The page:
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Dealing with Database Concurrency Conflicts in the Real World

Database concurrency conflicts are somewhat of a plague in software development because they're hard to predict and handle. Unfortunately, they're also hard to prevent.

lot of articles have been written about database concurrency conflict detection and the various ways of handling them.

Unfortunately most of these articles, and accompanying solutions, have one major flaw in that they focus on the technical issues and database implementation instead of real-world data and how people use the data. In this article, I will try to show the difference between focusing on the database implementation and on the real-world data. I will show some possible approaches on how to solve these concurrency issues.

What Is a Database Concurrency Conflict?
Let's start with a quick recap of what database concurrency conflicts are and why you need to solve them in the first place.

Most database applications in this world are multi-user applications. This means that, at any given point in time, you can expect multiple persons and/or processes reading from and writing to a database. Given that multiple persons/processes are updating data in a database, it is only a matter of time before two separate persons/processes will try to update the same piece of data simultaneously. A typical update cycle consists of a sequence of actions:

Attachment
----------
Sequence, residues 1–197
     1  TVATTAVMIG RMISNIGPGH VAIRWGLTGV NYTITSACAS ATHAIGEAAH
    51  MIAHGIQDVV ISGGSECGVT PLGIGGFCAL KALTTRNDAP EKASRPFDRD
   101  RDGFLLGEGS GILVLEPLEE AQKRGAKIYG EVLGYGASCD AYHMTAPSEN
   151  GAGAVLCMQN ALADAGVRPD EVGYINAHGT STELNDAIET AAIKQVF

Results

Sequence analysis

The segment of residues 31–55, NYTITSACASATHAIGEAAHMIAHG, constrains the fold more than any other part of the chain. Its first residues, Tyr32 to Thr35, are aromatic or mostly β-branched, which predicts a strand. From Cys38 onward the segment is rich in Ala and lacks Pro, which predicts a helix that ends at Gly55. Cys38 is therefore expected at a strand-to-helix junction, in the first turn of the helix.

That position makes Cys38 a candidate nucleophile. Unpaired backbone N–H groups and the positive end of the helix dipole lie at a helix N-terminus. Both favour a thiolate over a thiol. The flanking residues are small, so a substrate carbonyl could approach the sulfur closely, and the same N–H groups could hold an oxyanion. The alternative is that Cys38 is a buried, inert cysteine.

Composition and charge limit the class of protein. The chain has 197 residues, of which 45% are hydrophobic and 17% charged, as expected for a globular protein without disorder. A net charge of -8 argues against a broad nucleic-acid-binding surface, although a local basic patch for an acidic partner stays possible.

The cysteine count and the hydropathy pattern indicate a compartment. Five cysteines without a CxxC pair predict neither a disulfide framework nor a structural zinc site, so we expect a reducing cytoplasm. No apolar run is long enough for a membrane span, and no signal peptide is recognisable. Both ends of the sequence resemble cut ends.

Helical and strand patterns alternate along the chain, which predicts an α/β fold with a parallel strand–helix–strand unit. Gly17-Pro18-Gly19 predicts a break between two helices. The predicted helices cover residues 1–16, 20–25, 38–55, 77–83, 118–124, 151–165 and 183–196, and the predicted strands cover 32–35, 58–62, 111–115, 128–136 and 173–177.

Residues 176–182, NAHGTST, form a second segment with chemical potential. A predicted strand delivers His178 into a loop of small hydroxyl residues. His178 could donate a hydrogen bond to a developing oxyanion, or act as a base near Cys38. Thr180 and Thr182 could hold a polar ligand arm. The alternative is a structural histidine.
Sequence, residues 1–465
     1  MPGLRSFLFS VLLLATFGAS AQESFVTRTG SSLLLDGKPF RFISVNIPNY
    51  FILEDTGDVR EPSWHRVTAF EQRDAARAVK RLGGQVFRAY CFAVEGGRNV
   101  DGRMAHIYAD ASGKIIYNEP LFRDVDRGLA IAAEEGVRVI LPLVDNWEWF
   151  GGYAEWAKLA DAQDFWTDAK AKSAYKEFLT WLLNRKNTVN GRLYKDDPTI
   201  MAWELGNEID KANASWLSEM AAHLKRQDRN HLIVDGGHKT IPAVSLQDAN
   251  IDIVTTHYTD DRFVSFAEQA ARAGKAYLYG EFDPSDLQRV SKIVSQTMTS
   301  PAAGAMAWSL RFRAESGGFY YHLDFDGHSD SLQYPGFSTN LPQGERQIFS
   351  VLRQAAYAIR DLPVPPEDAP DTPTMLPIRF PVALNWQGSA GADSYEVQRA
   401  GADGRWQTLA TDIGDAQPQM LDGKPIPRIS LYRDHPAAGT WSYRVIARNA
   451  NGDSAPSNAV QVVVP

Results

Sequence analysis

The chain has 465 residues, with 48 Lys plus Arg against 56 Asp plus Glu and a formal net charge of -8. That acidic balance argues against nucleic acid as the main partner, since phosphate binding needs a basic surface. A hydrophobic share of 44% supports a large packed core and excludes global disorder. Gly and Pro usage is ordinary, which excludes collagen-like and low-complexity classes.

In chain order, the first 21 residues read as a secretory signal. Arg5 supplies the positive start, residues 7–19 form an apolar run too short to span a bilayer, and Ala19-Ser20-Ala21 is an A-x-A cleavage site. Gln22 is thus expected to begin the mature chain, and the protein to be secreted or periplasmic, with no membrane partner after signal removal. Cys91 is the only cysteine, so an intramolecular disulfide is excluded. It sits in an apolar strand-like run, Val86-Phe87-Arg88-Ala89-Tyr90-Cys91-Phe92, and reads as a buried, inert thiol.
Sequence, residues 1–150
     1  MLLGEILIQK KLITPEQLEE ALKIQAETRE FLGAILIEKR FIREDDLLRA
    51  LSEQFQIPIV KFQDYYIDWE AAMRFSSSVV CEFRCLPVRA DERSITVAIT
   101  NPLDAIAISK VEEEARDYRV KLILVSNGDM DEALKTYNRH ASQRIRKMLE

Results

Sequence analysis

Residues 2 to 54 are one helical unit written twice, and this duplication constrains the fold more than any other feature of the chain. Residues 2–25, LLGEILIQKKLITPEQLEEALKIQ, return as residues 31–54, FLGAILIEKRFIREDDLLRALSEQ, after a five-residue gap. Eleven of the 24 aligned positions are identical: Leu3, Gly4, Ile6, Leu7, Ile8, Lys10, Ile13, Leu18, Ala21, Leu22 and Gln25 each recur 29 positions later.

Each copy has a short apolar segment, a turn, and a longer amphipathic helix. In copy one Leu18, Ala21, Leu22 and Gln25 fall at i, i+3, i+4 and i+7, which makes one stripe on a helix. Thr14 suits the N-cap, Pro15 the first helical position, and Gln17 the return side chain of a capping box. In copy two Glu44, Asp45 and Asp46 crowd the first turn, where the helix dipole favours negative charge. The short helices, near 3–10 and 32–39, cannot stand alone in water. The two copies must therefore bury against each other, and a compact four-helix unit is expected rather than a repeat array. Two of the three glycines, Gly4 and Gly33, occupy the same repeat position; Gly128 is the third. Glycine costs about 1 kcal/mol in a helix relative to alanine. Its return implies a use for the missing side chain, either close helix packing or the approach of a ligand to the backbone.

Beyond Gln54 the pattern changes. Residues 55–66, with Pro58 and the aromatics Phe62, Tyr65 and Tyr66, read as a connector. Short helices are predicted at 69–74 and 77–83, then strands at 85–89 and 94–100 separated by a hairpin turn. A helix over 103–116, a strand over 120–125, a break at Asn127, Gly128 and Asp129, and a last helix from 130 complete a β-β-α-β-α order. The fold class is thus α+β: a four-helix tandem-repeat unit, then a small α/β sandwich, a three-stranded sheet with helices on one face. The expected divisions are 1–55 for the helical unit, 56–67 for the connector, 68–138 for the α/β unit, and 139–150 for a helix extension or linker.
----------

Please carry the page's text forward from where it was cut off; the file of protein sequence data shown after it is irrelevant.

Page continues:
• Read data into memory
  • Update data in memory
  • Write data back to the database
Therefore, there will be occasions where two users will both read the same data into memory. User 1 will update the data and write those changes back to the database before user 2 does the same thing. Now you have a concurrency control conflict, because user 1 read the data before user 2 wrote it back to the database. Why? Because if user 2 writes his data back into the database he will overwrite the changes made by user 1, causing them to be lost. Basically, whoever saves their changes last wins, overwriting the changes made by whoever saves first.

This kind of database concurrency issue can occur both with humans or automated processes or a combination of the two. A concurrency issue is more likely to occur with human users because the read/update/write cycle is likely to take much longer. However, that said, the same concurrency issue can occur between automated processes—and then it's harder to solve because in the case of an update by a human you can ask what the user wants (do they want to overwrite changes made by another user?) and respond to that, while a process needs to have all actions fully automated.

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